"He riffs on being a married man, with kids, in his 30s, telling family anecdotes. 'We're not selling out, we're just older, happier. Just as honest about our happiness now as our unhappiness then. The Heima tour also changed things - we had to play sometimes without electricity, and that was very exciting: it changed structures, it made songs shorter because the mood changes without reverb..."
"We rented a house in the Icelandic countryside to compose it in isolation, and then we had two weeks to record it in New York: a huge city so full of people and life. This album is definitely fun." The fun is infectious and should carry the quartet's music into the mainstream at last. There's one song in English, but the rest are in Icelandic. They like the fact that most of the world doesn't understand the language. Birgisson uses his voice as an instrument, striving to make sounds that are universal. One song, called Gobbledigook, is all about the tricks the wind plays."
Bernard Zuel at the Sydney Morning Herald writes: "What Sigur Ros have at their best is an emotional wellspring, a genuine sense of an interior journey within the songs, matched by the ability to arouse a similar response in the listener." Sigur Rós also seem to possess this Shamanic power, and all you have to do is listen to their music, to be taken into your Underworld, and be transformed. In this so-called "dark age" of gloom and terrorism and capitalist breakdown, most of it created by the media to keep us living in fear, it is so refreshing to have a band like Sigur Rós. They remind us that contrary to appearances, Good always triumphes over Evil. They remind us that there is an angel inside everyone of us.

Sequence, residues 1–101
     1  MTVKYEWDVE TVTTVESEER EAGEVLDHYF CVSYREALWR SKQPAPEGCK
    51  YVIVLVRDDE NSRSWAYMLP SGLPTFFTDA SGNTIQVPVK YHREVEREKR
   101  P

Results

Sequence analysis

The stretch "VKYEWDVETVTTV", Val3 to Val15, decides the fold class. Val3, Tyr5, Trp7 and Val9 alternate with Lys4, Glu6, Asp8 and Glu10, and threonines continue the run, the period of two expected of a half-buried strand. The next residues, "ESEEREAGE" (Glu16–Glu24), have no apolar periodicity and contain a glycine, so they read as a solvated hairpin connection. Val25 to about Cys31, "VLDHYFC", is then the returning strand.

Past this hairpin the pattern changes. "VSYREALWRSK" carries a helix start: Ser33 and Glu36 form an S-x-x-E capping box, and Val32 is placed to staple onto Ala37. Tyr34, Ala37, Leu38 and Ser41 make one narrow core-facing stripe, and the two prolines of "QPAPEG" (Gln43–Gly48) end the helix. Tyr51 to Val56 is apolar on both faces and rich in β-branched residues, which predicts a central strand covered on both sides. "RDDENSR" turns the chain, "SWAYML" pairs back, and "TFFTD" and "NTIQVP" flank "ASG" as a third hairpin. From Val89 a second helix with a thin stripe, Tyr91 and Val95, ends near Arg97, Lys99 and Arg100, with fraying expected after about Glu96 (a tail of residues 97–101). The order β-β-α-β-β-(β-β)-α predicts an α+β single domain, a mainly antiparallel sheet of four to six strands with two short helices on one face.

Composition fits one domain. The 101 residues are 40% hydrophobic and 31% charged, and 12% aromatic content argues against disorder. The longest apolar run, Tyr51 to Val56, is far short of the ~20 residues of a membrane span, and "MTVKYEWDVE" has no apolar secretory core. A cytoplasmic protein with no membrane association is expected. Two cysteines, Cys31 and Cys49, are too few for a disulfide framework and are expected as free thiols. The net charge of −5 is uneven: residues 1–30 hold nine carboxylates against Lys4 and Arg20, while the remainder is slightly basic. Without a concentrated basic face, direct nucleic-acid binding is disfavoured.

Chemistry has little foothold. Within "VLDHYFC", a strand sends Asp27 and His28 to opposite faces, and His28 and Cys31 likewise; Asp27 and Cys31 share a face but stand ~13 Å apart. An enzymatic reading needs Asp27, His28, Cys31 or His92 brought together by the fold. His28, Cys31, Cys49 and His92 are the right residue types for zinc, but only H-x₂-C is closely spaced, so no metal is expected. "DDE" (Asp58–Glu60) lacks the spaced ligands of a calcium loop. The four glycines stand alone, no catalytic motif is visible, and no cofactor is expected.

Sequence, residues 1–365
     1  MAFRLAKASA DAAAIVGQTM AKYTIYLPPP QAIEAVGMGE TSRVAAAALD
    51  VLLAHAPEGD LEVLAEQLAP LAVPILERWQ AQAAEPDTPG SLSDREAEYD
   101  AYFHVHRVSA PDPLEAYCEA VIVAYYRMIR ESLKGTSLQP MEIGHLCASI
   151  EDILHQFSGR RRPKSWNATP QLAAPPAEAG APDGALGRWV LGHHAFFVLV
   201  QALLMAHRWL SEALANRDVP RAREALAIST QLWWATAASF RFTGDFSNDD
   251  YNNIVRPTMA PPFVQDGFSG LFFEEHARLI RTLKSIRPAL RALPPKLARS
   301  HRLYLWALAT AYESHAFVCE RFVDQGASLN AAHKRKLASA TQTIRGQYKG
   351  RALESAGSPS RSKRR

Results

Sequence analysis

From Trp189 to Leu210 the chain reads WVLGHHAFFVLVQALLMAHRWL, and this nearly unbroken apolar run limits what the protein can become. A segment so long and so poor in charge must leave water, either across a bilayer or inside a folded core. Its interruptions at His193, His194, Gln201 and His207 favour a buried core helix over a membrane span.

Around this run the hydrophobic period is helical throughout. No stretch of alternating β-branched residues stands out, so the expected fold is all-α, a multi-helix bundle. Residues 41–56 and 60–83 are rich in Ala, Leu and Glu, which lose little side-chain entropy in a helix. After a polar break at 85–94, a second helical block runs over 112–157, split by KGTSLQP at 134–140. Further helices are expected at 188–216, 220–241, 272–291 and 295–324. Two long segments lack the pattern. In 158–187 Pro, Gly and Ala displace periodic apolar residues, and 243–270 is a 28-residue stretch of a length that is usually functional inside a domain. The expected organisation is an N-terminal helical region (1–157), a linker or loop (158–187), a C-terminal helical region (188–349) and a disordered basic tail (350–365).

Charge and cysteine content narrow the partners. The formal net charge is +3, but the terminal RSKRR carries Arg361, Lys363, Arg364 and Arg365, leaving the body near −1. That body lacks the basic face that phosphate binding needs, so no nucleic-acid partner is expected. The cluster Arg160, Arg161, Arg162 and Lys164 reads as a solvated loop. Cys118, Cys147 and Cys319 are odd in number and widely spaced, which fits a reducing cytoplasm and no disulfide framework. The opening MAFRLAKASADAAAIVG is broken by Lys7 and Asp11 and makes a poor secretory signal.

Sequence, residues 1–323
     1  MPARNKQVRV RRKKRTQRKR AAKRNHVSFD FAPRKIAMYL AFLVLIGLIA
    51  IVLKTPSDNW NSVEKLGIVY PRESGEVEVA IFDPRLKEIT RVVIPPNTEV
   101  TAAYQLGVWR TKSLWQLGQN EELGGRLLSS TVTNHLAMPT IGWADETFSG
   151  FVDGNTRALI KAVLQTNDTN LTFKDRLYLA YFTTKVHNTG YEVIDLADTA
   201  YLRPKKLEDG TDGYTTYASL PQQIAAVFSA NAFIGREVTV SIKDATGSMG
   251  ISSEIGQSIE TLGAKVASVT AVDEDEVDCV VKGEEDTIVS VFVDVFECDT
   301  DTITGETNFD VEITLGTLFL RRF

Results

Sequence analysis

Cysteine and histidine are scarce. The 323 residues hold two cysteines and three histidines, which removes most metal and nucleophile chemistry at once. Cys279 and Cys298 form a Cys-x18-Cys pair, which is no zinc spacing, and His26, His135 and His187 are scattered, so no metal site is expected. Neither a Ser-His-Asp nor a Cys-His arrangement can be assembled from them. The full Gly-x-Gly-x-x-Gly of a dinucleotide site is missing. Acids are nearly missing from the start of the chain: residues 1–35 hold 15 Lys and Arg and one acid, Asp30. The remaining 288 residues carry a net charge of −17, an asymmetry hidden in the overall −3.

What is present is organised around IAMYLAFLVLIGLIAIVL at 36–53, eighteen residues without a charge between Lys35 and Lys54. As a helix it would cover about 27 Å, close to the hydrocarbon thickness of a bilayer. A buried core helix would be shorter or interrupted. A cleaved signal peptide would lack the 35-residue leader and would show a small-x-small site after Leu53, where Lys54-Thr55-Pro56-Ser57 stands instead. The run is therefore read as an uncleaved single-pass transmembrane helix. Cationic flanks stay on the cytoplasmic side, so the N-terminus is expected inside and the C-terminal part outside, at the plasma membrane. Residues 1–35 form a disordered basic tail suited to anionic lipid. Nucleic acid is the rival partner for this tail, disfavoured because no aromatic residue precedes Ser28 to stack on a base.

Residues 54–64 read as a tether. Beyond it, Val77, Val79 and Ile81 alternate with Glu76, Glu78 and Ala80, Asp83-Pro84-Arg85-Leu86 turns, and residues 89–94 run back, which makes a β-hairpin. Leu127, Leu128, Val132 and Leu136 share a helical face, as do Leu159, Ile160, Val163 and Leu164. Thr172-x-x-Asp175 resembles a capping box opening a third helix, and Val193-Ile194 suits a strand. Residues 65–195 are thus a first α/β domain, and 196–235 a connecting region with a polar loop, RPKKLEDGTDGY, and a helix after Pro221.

Sigur Ros let loose -- on MTV. I never thought it was possible to convey that much emotion through music alone. From the opening seconds of the album, it sounds and feels like a sun or star starting to form in front of you -- and the star starts to send out fluctuating waves of sound which just melt you, instantaneously. From that moment, you are hooked, and the music won't let you go -- or do anything other than give it complete attention, for the full hour and 20 minutes or whatever it is until the end of the CD. I couldn't even get out of my seat, because I was floored by the power and intensity of the songs which followed.
If you are familiar with the work of Sigur Ros, you will recognise the many tendencies at work on med sud i eyrum vid spilum endalaust. If you are versed in the flamboyant post punk craziness of the Reykjavik music scene, you will hear again and again echoes of the Reykjavik sound, on this album. This is very much a Reykjavik album, not that there are many foreigners versed enough and sensitive enough, to appreciate it. Hang out for a while on the Bad Taste website, or even better yet do the runtur in Reykjavik on a milky summer's night, and you will understand.
r e y k j a v i k + s o u n d